On June 16, President Donald J. Trump traveled to southern Florida to announce what seems to be a partial roll back of the Obama-era policies to normalize political and economic relations with Cuba.
Supporters of the reforms imposed by President Obama in 2014 say they are relieved Trump did not dismantle all of the reforms.
Departments of the Treasury and Commerce must now write and put into actions Trump’s policies.
Trump’s aim, he said, is to pressure Cuban President Raúl Castro and other communist leaders to allow Cuba’s private sector, especially the country’s tourism industry, to operate more freely.
Dr. Geoffroy de Laforcade, a Professor of Latin American and Caribbean History at Norfolk State University, is among supporters of the Obama policies.
De Laforcade shared his views on Trump’s efforts with the GUIDE immediately after President Trump made his speech, with Senate and House Republicans at his side, before Cuban American exiles who supported his candidacy in 2016.
“The new policy maintains diplomatic relations between the United States and Cuba, keeps the embassies open, and does not reinstate Cuba as a state sponsor of terrorism,” De Laforcade said. “It does not re-impose the wet foot-dry foot policy that encouraged illegal emigration from Cuba,” he said.
“It does reverse bilateral agreements on anti-narcotics enforcement, cancer research and marine environment protection, curtail air travel or cruises, preserves the resumption of direct mail service, and seemingly leaves the possibilities of expanded cultural, athletic and educational exchanges intact.”
The NSU Professor who has made many trips to Cuba and led student group excursions there said, “Cuban-Americans can still send remittances to their families. In other words, Donald Trump has actually upheld most of the policy changes enacted by President Obama.”
De Laforcade said the new policy cracks down on U.S. travel to Cuba by forcing Americans to go in groups rather than as individuals.
Also, they will be under scrutiny from the Treasury Department (OFAC) another spending will be limited.
“While it purports to restrict their use of government-owned facilities and services,” he said, “it, in fact, makes it impossible for a U.S. visitor to not commit fraud, since even the new private sector in Cuba is dependent on the government in a myriad of ways (not the least of which are credit and wholesale distribution).”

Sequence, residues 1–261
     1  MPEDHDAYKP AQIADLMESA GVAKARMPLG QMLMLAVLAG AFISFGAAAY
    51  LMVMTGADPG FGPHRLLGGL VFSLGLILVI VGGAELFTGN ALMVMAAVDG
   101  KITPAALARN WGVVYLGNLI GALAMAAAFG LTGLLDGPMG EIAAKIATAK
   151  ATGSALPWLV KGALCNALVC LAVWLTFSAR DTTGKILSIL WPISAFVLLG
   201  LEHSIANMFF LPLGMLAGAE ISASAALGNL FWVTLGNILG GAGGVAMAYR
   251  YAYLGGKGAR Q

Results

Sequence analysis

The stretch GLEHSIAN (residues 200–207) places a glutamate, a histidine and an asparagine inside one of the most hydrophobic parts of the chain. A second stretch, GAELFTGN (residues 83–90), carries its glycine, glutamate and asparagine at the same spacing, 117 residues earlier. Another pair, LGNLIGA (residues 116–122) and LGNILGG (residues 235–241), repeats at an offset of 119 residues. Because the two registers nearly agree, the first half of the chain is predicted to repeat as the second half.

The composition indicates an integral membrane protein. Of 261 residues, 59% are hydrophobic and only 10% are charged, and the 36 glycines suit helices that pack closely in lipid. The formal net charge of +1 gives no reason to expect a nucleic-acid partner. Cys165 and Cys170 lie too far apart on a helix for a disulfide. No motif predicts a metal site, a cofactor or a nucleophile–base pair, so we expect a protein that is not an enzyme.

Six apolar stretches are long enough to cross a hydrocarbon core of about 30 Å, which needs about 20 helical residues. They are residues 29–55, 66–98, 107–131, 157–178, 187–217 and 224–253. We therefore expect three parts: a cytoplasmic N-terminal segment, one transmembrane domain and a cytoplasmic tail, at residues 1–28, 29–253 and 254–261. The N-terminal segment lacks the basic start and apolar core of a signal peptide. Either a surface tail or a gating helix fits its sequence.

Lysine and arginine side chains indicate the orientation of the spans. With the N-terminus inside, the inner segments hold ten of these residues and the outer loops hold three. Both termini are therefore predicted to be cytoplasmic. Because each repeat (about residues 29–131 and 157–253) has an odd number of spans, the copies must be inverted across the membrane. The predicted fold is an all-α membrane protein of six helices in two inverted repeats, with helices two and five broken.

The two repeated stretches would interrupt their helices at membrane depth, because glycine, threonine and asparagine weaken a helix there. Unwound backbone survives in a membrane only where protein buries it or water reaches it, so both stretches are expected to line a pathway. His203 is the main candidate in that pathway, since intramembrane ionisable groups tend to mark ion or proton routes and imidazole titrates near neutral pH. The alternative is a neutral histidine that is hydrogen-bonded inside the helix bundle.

De Laforcade said the private businesses are also heavily taxed in Cuba, and foreign ownership of property is banned.
“In my opinion, the new policy penalizes American travelers and entrepreneurs much more than it affects Cubans who are benefiting from multilateral investment and from ongoing reforms,” the NSU Professor said.
Cuba’s military, the Revolutionary Armed Forces, has significant control over the country’s economy, especially the tourism sector. And with Trump’s new plan, the president and his administration hope to prevent additional U.S. money from reaching the Cuban military.
The new policy will ban any commercial dealings with the military and security services. Although Americans can stay in private hotels, Trump’s new policy prohibits them from using Cuban military-owned ones.
“The Cuban Revolutionary Armed Forces are not a traditional military,” De Laforcade said. “The way the state is set up, the ‘property and investment management’ administration that implements joint ventures with foreign governments and corporate entities is the Army.
“A very small private sector – particularly in tourism services – is inevitably linked to hotels, restaurants and food distribution companies that are owned and managed by military (meaning state) controlled firms. The military is under civilian control (the Communist Party), so the political leadership oversees a ‘socialized’ economy, managing assets and capital, especially foreign currency reserves, which are rarefied due to the U.S. ban on international lending and restrictions on foreign trade) that can’t be in private or individual hands.”
DeLaforcade said, in effect, Trump’s policy banning spending by U.S. citizens in Cuban companies controlled by the military or government will force visitors to violate the U.S imposed sanctions.
De Laforcade said many U.S. businesses (including President Trump’s) “have seen the opportunity for investment in Cuba as a positive development.”
Investments could be lost and thousands of jobs eliminated, he said, if the Obama-era reforms are reversed.
He explained that investments from Russia, China, and the Middle East have grown rapidly.
“If the U.S. government chooses confrontation over engagement, it will be harder for the government of President Raul Castro and his successor after 2018 (when he will go into retirement) to further economic reforms,” said De Laforcade.
He continued, “So it really is not in the interest of a Republican administration to rock the boat, unless the goal is to strengthen cooperation with a small hard line faction of Cuban-American legislators led by (U.S. Rep. Ileana) Ros-Lehtinen (R-FL) and U.S. Florida Republican Senator Marco Rubio.”
De Laforcade said “the essential difference between the policies of Obama and Trump is that the former realized regime change could not be achieved through coercion, and the latter believes it can.
“I know for a fact that there is little stomach in Cuba for a surrender to the United States’ demands regarding political and constitutional issues.”
By Leonard E. Colvin